For all that this installment did well, the beginning of the film following the prologue was dreadfully ill-conceived and mostly unnecessary. Unlike all the other Star Wars films, this one did not open with the trademark scrolling written prologue offering exposition to setup the movie. Instead, after the “A long time ago, in a galaxy far far away” the film cuts to the opening scene of Krennic recruiting Galen. Following the prologue and rather PowerPoint-looking Rogue One title card, is a rapid, incoherent, and confusing sequence of montages. Honestly, I am still unsure why that whole sequence was necessary. Between the PowerPointy title card and this sequence of montages, I did not have hope for the film at all. Obviously, I ended up enjoying it immensely, but I look back and feel strongly that it could have been left out. The settings/planets that were depicted did not play into the plot at any level of significance. Felt like filler. Thankfully, the scenes following the prologue are but a small portion of the film and the film really begins to take off after Captain Cassian and his team rescue Jyn from a prison transport vehicle. After Jyn’s rescue covert operation, the rest of the film is nicely paced and developed. Other than knowing the ending, the majority of the film was unpredictable. Unpredictable in that you know the direction it’s going and ultimately what’s going to happen but you don’t know HOW it all happens and works together to setup A New Hope.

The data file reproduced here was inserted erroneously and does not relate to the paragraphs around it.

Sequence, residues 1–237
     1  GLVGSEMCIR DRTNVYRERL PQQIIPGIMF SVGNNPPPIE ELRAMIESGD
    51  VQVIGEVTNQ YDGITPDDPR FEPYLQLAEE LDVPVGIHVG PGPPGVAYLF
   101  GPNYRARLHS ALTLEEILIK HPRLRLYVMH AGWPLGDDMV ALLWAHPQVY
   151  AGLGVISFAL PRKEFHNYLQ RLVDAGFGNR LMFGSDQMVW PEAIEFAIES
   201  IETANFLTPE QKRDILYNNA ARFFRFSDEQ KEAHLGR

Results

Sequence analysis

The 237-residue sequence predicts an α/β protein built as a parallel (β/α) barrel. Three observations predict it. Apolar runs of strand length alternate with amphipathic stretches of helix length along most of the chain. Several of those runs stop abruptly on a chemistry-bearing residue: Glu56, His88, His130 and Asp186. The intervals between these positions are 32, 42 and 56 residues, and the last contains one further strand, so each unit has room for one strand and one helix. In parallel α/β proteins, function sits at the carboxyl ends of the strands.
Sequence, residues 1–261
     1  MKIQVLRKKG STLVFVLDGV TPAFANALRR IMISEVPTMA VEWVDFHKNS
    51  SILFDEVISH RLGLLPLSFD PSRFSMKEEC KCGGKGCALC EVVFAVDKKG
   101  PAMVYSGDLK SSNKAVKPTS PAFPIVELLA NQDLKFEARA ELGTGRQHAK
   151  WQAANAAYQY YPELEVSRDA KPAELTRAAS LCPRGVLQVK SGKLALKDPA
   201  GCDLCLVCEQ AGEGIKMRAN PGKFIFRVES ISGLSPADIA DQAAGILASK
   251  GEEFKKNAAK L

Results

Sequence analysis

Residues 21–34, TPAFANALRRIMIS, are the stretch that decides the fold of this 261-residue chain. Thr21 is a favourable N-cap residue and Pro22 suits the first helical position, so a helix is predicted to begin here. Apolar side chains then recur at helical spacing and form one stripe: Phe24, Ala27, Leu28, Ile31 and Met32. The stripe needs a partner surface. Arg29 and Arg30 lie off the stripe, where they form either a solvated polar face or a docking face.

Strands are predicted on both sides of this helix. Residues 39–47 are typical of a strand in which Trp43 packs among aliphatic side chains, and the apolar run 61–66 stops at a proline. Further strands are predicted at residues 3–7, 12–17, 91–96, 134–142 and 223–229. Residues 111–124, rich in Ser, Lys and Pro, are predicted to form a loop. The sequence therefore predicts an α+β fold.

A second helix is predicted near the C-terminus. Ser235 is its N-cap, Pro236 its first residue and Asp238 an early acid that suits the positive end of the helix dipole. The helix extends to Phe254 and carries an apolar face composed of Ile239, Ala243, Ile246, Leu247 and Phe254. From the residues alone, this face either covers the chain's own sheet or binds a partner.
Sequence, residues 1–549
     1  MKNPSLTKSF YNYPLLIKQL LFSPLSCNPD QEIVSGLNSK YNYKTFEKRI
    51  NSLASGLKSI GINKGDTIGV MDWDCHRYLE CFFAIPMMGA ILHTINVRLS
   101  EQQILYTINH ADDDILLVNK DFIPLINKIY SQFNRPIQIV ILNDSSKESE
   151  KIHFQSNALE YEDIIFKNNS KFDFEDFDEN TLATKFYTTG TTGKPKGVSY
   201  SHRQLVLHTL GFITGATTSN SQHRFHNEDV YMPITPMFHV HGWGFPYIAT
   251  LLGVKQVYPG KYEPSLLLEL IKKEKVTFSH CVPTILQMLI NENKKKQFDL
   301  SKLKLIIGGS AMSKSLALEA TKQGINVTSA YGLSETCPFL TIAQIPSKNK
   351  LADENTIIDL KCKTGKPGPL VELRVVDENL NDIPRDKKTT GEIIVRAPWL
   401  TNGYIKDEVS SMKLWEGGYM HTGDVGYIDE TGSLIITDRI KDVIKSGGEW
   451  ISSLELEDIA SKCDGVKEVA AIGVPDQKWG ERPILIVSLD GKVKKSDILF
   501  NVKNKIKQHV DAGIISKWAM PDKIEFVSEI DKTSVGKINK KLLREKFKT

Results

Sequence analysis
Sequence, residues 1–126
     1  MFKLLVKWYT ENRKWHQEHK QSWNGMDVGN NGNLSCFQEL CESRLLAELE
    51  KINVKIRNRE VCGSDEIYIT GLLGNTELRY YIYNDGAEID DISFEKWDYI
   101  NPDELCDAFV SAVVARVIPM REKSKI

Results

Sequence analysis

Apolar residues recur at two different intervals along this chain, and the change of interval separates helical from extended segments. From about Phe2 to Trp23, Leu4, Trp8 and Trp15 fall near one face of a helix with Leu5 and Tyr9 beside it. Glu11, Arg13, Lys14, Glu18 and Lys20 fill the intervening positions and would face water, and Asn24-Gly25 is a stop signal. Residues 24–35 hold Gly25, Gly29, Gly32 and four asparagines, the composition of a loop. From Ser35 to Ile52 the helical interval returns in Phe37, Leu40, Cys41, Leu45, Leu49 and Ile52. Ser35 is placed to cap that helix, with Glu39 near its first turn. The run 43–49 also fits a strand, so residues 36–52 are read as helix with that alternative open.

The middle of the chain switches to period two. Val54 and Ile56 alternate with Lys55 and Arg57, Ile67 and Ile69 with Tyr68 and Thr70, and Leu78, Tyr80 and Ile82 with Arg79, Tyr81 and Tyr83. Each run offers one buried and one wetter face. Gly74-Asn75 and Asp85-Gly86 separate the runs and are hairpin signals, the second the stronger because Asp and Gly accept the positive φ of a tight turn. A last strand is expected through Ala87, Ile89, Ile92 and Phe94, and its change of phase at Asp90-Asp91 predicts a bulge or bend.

Just the right amount of nostalgia and Easter Eggs. For those who are fans of or simply familiar with the movies, there are cameos, references, and shots taken from the chronologically preceding films (mostly A New Hope). Just enough nods to and direct connections to provide the audience with a film that IS as much a part of the Star Wars saga as the official Star Wars cannon. It’s no surprise that the Death Star is a big part of Rogue One, Senator Mon Mothma is seen leading the rebels, Darth Vader (still voiced by James Earl Jones) makes several brief appearances, and a couple other nostalgic cameos; but there are some characters who are included in the diegesis of this film who will delight old and new fans alike–one in particular that will incite an eruption of cheers! Beyond the human characters, there are other appearances by iconic ships and war machines that aid in cementing this story in with the rest of the franchise. While the film contains some lighthearted, witty dialog between the core group of principle and supporting characters, the film also contains some dark moments. Personally, I think the film should have been a little darker since it sets up the installment all about hope reborn; but, the atrocities of war are definitely not hidden from the audience and events transpire that are atypical of future fantasy films between heroes and villains. In a manner of speaking, and as I mentioned in my opening paragraph, the film’s diegesis strikes a balance in the force in terms of the light and dark content.